Here's what life after shelter-in-place may look like in the US based on what's happening in China and South Korea
While many parts of the U.S. are under shelter-in-place orders in an effort to slow the spread of the coronavirus, China is beginning to ease some of the restrictions on its residents.
Eager to resume manufacturing, many of China’s factories began opening in late February. Now, following two months of draconian social-distancing measures due to coronavirus, citizens in China are also able go out for haircuts, or even visits to the mall.
In Beijing, the Apple stores have reopened. And in Wuhan, considered to be the epicenter of the pandemic, public buses and the subway are finally running again.
Meanwhile, in South Korea, people are going out to the park and eating out at cafes.
The country has been widely praised for significantly slowing the spread of the virus without a complete countrywide lock-down. Instead, South Korea focused on widespread testing and tracing where infected individuals traveled. It quarantined those who lived near infection clusters.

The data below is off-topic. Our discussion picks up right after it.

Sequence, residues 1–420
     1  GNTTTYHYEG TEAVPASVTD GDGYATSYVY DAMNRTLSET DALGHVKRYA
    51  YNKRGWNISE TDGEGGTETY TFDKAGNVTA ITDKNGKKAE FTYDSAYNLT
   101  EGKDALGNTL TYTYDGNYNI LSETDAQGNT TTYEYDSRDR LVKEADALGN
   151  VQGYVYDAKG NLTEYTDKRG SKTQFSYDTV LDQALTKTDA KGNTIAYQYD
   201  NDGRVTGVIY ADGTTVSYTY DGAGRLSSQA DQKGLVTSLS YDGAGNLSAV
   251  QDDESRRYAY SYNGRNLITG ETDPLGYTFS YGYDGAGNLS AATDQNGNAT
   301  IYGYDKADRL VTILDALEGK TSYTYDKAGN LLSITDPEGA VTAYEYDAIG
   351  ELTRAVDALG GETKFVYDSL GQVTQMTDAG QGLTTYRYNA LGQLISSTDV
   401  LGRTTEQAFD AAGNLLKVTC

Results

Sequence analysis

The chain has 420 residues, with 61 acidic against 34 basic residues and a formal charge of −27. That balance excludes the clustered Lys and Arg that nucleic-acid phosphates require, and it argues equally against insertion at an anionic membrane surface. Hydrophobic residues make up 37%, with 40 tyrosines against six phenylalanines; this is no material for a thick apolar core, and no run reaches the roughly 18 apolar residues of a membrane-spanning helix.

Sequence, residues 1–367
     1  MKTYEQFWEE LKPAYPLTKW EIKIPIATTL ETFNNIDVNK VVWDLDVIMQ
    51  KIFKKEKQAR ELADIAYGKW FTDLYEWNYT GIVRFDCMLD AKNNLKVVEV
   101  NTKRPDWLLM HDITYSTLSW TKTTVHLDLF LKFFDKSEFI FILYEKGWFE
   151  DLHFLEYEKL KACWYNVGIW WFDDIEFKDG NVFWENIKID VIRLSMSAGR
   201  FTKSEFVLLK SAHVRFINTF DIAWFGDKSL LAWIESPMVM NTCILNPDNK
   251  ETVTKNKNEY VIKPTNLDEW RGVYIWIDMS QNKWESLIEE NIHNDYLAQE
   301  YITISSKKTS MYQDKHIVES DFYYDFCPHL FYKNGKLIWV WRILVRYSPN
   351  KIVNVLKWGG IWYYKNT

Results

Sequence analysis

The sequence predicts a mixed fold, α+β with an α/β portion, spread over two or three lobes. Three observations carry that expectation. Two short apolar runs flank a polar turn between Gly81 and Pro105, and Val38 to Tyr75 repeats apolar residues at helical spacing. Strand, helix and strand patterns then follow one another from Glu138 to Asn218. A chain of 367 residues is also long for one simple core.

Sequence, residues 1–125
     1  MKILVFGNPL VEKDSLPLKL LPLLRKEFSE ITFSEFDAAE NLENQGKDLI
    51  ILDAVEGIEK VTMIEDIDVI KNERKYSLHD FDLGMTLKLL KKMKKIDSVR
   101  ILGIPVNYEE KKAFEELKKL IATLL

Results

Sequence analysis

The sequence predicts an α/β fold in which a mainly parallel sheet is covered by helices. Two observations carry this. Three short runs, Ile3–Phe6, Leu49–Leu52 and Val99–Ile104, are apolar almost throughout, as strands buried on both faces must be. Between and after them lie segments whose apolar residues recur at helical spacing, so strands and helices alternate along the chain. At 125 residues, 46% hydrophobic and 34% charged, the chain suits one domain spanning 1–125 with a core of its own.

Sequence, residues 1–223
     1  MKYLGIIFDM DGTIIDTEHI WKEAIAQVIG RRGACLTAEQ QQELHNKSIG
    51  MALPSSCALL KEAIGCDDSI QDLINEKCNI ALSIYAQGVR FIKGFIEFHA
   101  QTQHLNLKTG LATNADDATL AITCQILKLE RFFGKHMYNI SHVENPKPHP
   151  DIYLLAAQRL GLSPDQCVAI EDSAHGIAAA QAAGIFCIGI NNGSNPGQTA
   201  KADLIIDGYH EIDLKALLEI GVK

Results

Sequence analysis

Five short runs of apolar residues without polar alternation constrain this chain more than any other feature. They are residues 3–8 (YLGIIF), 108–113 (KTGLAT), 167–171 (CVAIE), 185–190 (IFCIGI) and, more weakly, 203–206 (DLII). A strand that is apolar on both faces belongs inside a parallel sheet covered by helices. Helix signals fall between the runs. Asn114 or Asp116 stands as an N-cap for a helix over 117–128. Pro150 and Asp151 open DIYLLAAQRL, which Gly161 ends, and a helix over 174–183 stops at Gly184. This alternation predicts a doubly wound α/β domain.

But fears of a second wave of infections and financial instability may hinder a fast and smooth economic recovery for China and South Korea.
In early April, the South Korean government ordered more than 400 bars, night clubs and discos in the capital to shut down amid concerns of coronavirus transmissions.
Now, the U.S. and the rest of the world are closely watching as Chinese and South Korean citizens attempt to return to normal life, and trying to surmise what the recovery may tell them about their own futures.
Watch the video above to learn more.